Other factors that can influence a court to adjust the divorce settlement against an offending spouse include the existence of domestic violence issues or the commission of an assault against the other spouse. When one spouse puts a hand on his or her partner, it can give rise to a cause of action for assault in the divorce case. The side alleging the assault will have to prove each of the elements of the assault case. The complaining spouse will be in a position to receive damages and every other form of relief available to a victim of assault in addition to the disproportionate share of community estate in the divorce action.

In a divorce setting, where one spouse has been convicted of domestic violence, this fact can have other effects on the handling of issues in the dissolution suit. It can even bring into play certain issues that would otherwise not come before the judge in a divorce case. For example, spousal maintenance – the principle that one spouse has to provide monthly support to his or her spouse – usually does not become an option unless the parties have been married for at least 10 years. However, in an at-fault divorce, where there is a conviction for domestic violence, the court can order the offending spouse to provide monthly spousal maintenance to the victimized spouse even though the parties may have been married less than the requisite 10 years.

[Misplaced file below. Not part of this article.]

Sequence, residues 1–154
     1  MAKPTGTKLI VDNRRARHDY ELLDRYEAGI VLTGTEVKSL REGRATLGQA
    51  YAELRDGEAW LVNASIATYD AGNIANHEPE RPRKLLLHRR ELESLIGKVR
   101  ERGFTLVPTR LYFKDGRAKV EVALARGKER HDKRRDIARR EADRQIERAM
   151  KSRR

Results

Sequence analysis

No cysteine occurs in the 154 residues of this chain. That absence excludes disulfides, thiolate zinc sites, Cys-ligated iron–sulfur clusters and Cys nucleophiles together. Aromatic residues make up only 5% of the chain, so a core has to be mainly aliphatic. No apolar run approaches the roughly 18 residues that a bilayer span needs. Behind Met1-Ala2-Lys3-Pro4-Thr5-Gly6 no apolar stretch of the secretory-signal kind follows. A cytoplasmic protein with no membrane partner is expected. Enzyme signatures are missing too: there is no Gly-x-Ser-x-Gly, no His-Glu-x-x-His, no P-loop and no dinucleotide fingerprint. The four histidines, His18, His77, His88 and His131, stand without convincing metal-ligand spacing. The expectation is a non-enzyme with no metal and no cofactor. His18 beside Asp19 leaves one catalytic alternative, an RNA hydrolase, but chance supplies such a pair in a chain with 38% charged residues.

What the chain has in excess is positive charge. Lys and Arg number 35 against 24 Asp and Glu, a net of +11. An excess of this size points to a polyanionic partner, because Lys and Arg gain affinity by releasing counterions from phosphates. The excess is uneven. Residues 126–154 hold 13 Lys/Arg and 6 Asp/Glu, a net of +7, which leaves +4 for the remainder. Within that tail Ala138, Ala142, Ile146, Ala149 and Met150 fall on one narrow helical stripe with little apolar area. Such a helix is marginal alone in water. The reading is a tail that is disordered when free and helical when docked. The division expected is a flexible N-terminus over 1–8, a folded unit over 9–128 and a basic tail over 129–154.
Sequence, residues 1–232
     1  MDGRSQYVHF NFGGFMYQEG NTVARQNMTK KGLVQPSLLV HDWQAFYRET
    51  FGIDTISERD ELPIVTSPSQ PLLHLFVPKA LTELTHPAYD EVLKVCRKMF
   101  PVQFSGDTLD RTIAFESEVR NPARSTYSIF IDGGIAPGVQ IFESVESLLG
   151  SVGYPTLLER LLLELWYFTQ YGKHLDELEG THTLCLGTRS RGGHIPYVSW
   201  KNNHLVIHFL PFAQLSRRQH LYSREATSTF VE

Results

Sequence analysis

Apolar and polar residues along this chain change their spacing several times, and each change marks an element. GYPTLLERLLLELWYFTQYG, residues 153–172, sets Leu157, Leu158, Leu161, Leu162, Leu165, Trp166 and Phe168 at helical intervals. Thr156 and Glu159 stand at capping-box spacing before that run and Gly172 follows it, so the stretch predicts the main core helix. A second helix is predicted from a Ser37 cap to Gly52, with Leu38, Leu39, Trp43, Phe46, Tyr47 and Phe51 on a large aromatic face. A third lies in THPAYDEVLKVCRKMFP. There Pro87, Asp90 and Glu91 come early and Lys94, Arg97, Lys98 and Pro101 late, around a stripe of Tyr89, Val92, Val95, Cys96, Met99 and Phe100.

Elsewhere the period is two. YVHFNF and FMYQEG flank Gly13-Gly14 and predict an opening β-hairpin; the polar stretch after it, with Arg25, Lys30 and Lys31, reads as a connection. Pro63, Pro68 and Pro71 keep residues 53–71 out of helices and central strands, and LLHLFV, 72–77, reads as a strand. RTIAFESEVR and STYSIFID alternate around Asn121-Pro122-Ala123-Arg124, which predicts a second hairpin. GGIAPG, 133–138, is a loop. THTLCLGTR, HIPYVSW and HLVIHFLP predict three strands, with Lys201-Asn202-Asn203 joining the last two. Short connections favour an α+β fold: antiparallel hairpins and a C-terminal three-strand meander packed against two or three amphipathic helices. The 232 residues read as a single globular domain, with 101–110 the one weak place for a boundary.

Handling Divorces Where Criminal Acts Are Involved

Indeed, any cause of action that one person can conceivably bring against another can be joined with a divorce suit. Although somewhat rare, this can include claims for theft, fraud and intentional infliction of emotional distress, to name a few. These causes of action can subject the offending spouse to actual damages and even punitive damages if the underlying claim supports such an award. This is in addition to a potential award of a disproportionately low share of the community estate and other potential points of impact in a divorce setting.

Your Advocates In Child Conservatorship In A Fault-Based Divorce

Where children are involved, the offending spouse could see the consequences of his or her bad acts, which result in the denial of access to the children or, in appropriate cases, the imposition of supervised access rights on the offending spouse. In these situations, the services of a competent, skilled lawyer are essential to protecting your rights, whether one is in the offending spouse’s position or the victimized spouse’s position. Either way, the breadth of issues presented in an at-fault divorce is considerably broader in scope than issues facing the parties in a traditional no-fault divorce.